The point of this story is that she is the customer that I will ALWAYS remember from that job (other than the few celebrities that came into the store, perhaps I’ll save that story for another time). Even though thousands upon thousands of people came in, found what they wanted, paid for it, and left without causing any trouble, I won’t ever have any recollection of any of them. I still remember this lady and if you put her in front of me today in a lineup, I could probably pick her out to you.

Now this blog seems to be about things that annoy me and that I am always annoyed. The thing is, I’m not telling you a lot of the GOOD things that I’ve been going through on this blog, because I don’t need therapy to cope with the good things. The bad things are more memorable and provide an impetus to write. The good things that are much more common stand out less and I don’t need therapy to cope with them, which is one of the functions this blog serves. But anyway I’ll share something nice with you that happened the other day because it made me feel awesome.

This is what the back tire of my scooter looked like.

I’ll explain it after the jump.

Okay, so I was driving on my scooter when suddenly I noticed that it was having trouble going straight. It started leaning left and right. Luckily I wasn’t in a situation where I had to maintain any speed, so I jumped off the bike and pushed it to the side of the road. The kind drivers were patient enough to let me do this instead of speeding by and honking. (I still don’t see why expats say that people can’t drive here… I don’t really notice any difference.)

It became apparent. I had a flat. The nearest bike shop was about a kilometer and a half away… and that’s a long way to push. So I spent the next hour or so pushing it there. Man, I was beat. But I was at least happy that I would be able to fix the tire, pay the guy, and quickly ride to my weekly radio gig. When I got to the bike shop it was closed because it was Sunday! This made me somewhat angry, because I was now in a situation where I couldn’t just push it back home, so I would have to leave the bike there overnight and hope that nobody (including the owner of the shop) would steal it. To make sure I called the owner (his number was listed on the storefront) to inform him that my bike had a flat and that I was going to leave it in front of his shop. He agreed.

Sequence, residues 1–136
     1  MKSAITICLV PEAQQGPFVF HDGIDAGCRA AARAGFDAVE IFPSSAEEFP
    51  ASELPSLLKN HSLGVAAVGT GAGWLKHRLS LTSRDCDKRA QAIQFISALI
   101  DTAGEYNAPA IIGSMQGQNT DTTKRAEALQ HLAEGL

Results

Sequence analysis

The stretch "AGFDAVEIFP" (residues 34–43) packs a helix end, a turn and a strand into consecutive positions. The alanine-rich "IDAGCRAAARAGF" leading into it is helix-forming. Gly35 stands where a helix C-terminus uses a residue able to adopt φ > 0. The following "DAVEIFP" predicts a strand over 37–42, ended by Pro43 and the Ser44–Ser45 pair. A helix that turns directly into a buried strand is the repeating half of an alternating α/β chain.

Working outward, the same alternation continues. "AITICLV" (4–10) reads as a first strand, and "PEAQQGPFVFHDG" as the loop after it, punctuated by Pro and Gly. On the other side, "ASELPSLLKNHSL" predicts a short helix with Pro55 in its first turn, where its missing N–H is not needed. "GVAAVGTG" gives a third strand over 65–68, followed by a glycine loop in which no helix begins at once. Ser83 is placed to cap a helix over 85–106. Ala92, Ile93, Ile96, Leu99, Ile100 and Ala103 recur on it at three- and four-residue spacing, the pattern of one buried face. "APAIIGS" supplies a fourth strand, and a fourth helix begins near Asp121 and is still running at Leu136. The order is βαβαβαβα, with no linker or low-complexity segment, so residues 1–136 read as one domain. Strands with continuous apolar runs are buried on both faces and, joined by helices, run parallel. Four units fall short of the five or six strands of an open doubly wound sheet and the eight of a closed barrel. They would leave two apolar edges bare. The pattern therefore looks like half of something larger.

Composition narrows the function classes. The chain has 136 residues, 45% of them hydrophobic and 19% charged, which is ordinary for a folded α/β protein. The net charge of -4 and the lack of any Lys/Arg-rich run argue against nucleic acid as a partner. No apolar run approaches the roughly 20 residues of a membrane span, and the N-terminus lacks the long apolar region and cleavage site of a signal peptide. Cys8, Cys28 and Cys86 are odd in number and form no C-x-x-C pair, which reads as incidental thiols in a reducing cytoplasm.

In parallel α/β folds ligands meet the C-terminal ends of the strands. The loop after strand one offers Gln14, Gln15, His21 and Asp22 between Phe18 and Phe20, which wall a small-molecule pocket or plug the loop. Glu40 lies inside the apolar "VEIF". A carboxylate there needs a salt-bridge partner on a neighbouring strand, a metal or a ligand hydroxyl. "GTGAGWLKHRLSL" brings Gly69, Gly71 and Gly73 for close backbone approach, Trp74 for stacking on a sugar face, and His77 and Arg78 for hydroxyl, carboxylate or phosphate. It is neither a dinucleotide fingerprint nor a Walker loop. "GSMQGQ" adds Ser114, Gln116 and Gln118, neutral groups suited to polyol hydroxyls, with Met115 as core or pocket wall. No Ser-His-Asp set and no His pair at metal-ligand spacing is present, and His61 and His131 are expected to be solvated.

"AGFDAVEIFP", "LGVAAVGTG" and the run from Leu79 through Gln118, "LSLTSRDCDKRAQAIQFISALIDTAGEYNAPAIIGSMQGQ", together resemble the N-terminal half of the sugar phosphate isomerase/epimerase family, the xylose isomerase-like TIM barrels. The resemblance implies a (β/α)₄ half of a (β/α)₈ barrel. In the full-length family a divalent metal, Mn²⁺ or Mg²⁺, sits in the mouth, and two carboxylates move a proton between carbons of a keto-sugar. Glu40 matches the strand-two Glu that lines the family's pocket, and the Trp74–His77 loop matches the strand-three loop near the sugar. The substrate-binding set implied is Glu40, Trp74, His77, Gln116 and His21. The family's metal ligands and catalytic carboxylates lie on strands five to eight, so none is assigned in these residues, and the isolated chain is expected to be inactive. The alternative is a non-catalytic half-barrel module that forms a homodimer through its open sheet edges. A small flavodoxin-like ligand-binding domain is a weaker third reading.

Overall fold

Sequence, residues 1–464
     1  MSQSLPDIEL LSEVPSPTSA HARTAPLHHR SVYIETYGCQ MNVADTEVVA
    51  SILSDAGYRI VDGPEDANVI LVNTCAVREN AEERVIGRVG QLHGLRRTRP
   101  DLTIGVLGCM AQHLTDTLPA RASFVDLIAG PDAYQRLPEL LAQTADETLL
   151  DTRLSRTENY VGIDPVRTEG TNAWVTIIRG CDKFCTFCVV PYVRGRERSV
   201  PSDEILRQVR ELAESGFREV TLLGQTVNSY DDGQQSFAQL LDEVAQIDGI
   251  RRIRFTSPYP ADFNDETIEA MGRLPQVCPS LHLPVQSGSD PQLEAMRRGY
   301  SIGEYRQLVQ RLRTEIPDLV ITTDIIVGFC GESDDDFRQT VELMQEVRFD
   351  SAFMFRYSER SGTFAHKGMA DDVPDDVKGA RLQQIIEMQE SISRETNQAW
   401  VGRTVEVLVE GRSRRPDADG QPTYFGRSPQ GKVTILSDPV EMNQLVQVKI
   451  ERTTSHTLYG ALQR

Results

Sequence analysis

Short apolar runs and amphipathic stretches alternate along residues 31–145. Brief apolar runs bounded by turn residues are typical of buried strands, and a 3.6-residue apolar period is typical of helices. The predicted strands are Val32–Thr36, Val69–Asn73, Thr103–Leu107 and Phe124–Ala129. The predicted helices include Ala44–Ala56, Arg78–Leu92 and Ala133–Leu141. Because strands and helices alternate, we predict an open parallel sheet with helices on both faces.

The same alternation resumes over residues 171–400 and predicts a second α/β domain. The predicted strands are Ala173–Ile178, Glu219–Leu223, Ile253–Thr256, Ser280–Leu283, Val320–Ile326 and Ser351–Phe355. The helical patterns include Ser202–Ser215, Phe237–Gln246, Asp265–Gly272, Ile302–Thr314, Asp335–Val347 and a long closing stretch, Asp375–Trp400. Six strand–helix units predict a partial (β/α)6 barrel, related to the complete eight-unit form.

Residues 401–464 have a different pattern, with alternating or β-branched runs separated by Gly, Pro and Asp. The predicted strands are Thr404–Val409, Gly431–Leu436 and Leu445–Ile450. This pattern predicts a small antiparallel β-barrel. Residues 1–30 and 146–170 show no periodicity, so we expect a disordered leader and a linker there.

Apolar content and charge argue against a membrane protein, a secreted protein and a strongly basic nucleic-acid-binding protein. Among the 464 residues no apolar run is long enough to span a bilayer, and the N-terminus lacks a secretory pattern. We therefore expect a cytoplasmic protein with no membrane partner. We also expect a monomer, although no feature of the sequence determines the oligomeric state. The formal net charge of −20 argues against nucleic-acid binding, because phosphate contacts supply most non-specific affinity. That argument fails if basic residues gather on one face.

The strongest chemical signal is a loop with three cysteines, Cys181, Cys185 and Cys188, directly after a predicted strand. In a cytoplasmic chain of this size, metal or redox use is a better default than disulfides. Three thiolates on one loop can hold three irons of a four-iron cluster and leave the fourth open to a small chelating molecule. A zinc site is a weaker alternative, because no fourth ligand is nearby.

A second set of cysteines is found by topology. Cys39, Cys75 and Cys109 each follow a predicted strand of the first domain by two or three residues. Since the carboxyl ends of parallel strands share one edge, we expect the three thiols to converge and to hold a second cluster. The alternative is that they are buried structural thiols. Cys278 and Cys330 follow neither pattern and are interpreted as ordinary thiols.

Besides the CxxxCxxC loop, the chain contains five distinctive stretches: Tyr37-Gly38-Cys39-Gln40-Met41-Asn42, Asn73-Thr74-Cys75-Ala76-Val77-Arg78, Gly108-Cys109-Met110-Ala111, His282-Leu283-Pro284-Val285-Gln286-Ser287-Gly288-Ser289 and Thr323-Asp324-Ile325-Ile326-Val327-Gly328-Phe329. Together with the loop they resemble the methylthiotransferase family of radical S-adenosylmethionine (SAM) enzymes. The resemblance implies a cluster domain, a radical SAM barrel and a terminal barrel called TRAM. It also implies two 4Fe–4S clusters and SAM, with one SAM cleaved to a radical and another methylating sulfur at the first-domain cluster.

The next day I went to the shop pretty early in the morning and knocked on the door. The old man who owned the shop smiled and asked me politely what the problem was. I explained that I had a flat tire. He told me to have a seat in the shop and gave me a cup of instant coffee, and started to work. His first task was to pump air back into the tire. He then began spraying something (probably soap or glycerin) on it. I guess if there were any holes in the tire, there would be bubbles forming where the holes were. There were no bubbles, so there was no flat. He called over to me to say that he was finished. I began to reach for my wallet, and he said.. no no. No need.